DIY Rockwool panels (Wrap with plastic?)

H

Holmz

Enthusiast
I am making from frames and have sourced some rockwool.
And working on sourcing a print to cover the front of the panel.

I have heard some talk about wrapping the rockwool in the thin painters drop cloths, which would seem like they should transmit tehe sound pretty good as their low stiffness and mass sort of precludes them from really keeping the wave from coupling through.

What is the general schools thought?
Wrap them in this thin plastic to keep the fibres all contained or not?
I am not even sure whether the plastic would last very long, as it should just turn to dust, or maybe that is more of a UV light induced breakdown?

Looking for some guidance here.

It is for a panel directly behind the sofa which is against the wall wityh the ears 16” (400mm) from the wall. So trying to diminish that Initial slap echo - which is not hugely evident to begin with.
It would probably be worse if the sofa was not pull out into the room about 10” to a foot… but that is about as far as the Feng Shui manager will tolerate it from a decor perspective.
 
ryanosaur

ryanosaur

Audioholic Overlord
I wouldn't want the rockwool, and if I did, I wouldn't wrap it in plastic. ;)

IIRC, it's about air particles... soundwaves are air... If you wrap it, air cannot penetrate.

As long as you aren't playing around with the panels... beating on them, constantly moving them, the rockwool should be reasonably inert.
When you are working with it, you should absolutely wear a respirator and work in a well ventilated environment, especially if you are cutting it.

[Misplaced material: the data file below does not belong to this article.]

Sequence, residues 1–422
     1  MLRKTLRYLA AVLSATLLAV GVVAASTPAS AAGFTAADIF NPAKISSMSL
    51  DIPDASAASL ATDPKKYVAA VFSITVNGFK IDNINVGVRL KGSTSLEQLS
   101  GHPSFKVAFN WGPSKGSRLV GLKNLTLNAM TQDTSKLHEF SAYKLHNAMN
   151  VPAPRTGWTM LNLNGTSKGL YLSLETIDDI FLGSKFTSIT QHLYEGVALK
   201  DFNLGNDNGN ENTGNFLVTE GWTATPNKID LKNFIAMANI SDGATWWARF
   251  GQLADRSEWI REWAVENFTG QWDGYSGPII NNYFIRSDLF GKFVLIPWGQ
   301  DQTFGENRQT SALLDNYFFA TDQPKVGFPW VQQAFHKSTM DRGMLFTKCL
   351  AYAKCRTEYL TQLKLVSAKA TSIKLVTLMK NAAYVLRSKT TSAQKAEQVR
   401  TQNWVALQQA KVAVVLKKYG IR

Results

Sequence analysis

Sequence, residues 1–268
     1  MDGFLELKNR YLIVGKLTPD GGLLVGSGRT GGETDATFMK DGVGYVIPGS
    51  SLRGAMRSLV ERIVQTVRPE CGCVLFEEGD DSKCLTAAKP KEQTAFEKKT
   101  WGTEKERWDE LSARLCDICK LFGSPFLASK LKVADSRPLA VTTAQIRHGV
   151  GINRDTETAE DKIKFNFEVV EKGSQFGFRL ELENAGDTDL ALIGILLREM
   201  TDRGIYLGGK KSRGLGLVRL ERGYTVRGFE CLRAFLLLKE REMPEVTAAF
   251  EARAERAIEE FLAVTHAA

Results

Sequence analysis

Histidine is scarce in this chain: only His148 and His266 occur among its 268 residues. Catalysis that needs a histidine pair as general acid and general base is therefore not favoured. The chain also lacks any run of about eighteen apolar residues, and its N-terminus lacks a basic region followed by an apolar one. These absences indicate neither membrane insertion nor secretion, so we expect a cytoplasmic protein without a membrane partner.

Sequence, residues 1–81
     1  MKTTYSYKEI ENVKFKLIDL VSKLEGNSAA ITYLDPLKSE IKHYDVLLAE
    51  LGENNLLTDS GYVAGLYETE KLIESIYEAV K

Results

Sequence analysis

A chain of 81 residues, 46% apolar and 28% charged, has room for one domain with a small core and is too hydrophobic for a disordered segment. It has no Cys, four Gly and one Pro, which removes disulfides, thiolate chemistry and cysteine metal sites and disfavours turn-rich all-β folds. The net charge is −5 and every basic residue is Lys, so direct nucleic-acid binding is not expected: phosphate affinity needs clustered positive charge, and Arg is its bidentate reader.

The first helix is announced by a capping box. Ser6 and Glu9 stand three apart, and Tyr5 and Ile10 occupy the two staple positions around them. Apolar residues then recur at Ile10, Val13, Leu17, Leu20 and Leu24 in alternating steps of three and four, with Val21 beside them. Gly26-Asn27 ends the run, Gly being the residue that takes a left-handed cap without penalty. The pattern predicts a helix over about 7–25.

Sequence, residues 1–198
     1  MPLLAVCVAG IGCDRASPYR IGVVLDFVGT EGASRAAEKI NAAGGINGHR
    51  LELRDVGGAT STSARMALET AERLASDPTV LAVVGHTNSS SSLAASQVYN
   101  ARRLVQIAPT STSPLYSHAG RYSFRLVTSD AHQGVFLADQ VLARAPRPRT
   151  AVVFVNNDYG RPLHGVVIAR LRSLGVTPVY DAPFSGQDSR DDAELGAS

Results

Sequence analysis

If you want something much more friendly, the recycled Denim insulation is far safer and much more environmentally friendly. I know it's not the same as rockwool, but in those other ways it is better.
 
H

Holmz

Enthusiast
I wouldn't want the rockwool, and if I did, I wouldn't wrap it in plastic. ;)

IIRC, it's about air particles... soundwaves are air... If you wrap it, air cannot penetrate.

As long as you aren't playing around with the panels... beating on them, constantly moving them, the rockwool should be reasonably inert.
When you are working with it, you should absolutely wear a respirator and work in a well ventilated environment, especially if you are cutting it.

If you want something much more friendly, the recycled Denim insulation is far safer and much more environmentally friendly. I know it's not the same as rockwool, but in those other ways it is better.
Thanks Ryan.

I can see a panel out in the velocity region of a room would be exactly like you say. In a region where hair tricks and pant legs flapping indicates velocity.

This one will be on a wall it is sort becoming mostly in the pressure domain region with the boundary condition of the wall <4” away from the front. So there is not a great amount of velocity as the frequency drops towards 0.

Those particles of air imping upon the thin plastic and then on the otherside the particles of air (or molecules) jump and pulsate exactly like they were on the incoming side… except for what is lost to heat on the plastic.
It‘s pretty much like inside of a Russian tank spallation of metal from the kinetic energy and momentum transfer of a Ukrainian shell hitting the outside.